Kinesiology department scanner can detect early signs of osteoporosis

Shaleeka Powell

Hang on for a minute...we're trying to find some more stories you might like.


Email This Story






Dr. Victoria Jacque (R), associate professor and graduate coordinator for the kinesiology graduate program, conducts a lumbar spine scan using the DEXA Body Scanner on Alene Ashjian (L), 21, a kinesiology major, to determine mineral density. Photo Credit by John Saringo-Rodriguez / Daily Sundial

Dr. Victoria Jacque (R), associate professor and graduate coordinator for the kinesiology graduate program, conducts a lumbar spine scan using the DEXA Body Scanner on Alene Ashjian (L), 21, a kinesiology major, to determine mineral density. Photo Credit by John Saringo-Rodriguez / Daily Sundial

CSUN has two high-tech X-ray scanners that can help students both now and with valuable research in the future.

The Dual-energy X-ray Absorptiometry (or DEXA) scanners are used daily by four licensed researchers on campus. The scanners, located in Redwood Hall and Jacaranda Hall, determine bone mineral content, bone area, bone density and tissue composition of humans and animal specimens.

“(The scanner) is a nice resource to have when health center needs density checks, and we gain a better understanding of how physical activity influences the bone mass of college students,” said Victoria Jaque, a kinesiology professor, graduate coordinator and licensed DEXA operator.

The DEXA machine emits an invisible beam of  low-dose X-rays in two energy streams. One stream is absorbed by soft tissue, and the other by bone. The difference between the two gives the measure of bone mineral density, and a highly accurate measure of body composition.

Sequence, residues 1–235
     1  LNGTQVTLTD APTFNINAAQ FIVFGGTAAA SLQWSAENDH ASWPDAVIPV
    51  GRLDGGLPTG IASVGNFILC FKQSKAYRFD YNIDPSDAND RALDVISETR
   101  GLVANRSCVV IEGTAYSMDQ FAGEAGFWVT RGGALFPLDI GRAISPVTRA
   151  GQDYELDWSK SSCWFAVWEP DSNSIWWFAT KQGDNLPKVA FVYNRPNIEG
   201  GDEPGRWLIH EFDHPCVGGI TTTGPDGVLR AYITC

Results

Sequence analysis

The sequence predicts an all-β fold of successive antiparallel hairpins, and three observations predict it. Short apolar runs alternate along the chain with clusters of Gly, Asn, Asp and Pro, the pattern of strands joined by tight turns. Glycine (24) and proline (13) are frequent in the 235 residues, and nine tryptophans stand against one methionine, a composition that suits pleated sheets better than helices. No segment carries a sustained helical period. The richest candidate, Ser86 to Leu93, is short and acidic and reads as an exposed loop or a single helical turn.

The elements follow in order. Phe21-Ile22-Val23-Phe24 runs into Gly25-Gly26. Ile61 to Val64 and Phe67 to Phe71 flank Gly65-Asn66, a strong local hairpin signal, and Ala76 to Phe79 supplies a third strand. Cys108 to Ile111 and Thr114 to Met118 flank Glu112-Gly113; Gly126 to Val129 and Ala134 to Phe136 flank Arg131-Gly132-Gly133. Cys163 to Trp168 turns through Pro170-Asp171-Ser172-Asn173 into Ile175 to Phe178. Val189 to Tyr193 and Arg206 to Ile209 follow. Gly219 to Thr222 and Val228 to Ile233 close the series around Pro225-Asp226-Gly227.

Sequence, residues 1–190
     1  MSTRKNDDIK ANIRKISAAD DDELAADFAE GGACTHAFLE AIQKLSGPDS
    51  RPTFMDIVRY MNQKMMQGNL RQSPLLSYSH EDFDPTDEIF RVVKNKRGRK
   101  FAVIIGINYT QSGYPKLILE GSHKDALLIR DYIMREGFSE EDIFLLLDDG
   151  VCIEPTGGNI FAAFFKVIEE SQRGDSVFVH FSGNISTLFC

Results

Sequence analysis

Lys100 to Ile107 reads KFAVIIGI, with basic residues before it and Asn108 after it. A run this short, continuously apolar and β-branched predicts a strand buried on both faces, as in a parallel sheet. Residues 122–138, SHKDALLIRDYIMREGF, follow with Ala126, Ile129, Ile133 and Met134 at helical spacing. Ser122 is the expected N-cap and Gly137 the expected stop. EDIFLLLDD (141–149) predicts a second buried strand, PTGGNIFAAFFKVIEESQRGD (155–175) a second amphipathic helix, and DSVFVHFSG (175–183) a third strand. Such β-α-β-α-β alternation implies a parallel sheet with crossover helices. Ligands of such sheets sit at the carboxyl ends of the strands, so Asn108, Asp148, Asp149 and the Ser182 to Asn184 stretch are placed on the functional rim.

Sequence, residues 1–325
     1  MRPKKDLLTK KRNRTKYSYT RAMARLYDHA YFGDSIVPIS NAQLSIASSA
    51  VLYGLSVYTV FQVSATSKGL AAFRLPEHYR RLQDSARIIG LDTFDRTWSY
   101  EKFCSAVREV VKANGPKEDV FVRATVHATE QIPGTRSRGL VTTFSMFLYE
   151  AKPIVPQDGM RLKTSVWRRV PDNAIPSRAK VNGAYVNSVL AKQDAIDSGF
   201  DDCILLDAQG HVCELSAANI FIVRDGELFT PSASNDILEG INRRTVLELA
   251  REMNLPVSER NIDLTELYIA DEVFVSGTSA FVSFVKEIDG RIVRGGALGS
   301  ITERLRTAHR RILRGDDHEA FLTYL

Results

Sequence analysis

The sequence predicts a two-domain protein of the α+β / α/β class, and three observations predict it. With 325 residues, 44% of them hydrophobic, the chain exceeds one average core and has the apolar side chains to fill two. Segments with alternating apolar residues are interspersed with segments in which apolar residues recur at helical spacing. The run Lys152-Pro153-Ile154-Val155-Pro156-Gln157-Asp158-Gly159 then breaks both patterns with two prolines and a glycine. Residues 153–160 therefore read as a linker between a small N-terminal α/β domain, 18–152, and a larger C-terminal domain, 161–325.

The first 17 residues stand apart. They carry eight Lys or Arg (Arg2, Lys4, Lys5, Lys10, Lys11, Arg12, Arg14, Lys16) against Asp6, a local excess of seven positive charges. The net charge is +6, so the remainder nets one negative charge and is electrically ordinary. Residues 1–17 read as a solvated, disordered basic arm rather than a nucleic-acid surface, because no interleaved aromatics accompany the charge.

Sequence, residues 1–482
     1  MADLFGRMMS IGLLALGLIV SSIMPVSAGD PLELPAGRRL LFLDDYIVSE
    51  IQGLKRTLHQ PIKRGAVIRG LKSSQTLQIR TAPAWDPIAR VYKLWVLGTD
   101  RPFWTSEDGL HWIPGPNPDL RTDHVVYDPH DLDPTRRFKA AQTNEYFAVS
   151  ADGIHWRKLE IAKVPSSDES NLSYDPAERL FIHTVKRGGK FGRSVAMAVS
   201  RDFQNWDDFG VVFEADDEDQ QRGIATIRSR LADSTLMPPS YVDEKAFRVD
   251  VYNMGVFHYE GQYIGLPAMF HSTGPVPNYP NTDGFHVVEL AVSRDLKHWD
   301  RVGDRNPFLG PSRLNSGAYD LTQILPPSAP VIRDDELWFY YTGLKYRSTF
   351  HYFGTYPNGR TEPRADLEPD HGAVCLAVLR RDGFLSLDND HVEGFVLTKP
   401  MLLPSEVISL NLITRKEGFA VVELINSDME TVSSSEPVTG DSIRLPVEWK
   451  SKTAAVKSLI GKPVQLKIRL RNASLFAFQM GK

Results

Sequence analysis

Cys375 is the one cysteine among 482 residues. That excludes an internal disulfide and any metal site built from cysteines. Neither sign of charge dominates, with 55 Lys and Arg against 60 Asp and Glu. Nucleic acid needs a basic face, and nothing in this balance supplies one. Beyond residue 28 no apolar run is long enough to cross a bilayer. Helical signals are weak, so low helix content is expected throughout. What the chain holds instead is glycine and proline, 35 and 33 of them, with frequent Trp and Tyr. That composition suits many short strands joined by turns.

Jaque said student testing is free for individuals who volunteer. In addition, those who have a doctor referral from the Klotz Student Health Center pay a fee of $135 can get a physician to interpret the results.

Melissa Montgomery, kinesiology professor and licensed DEXA operator, said she explains the results, but does not diagnose people because this is only a research lab. The data, however, is valuable.

“The results are given in relation to what are called T-scores and Z-scores that inform individuals on whether their bone mineral density is above or below average,” Montgomery said. “It may indicate to physicians if you need calcium supplements.”

Jaque said the T-score is what a physician would use to diagnose an individual with osteoporosis, and the Z-score gives an individual an idea of how healthy one may be at his or her age.

The tests are painless and involve small doses of radiation. All data is used for ongoing research, including Montgomery’s, which looks at the body composition and landing mechanisms related to knee injuries.

“I scan research with intentions of using the scan to determine how much muscle mass individuals have in their lower body,” she said. “The question I ask is, ‘If you have less muscle mass, does that make you more likely to be injured?’”

Montgomery said her next project is this summer on student athletes, club sport athletes and high level recreation athletes.

Most tests take only 30 to 45 minutes for volunteers, who should inquire by visiting Redwood Hall 170. But Jaque said it takes hours to enter the data. Students from the kinesiology department help her enter the data from the tests.

“The data is the lifetime physical activity history of an individual from childhood to adulthood,” she said.

But for research purposes, rats trump humans. Jacque scans about 48 hind limbs from rats per year.

“Rats are an animal of choice,” Jaque said. “It takes a rat six weeks to have the same results as a human in one year.”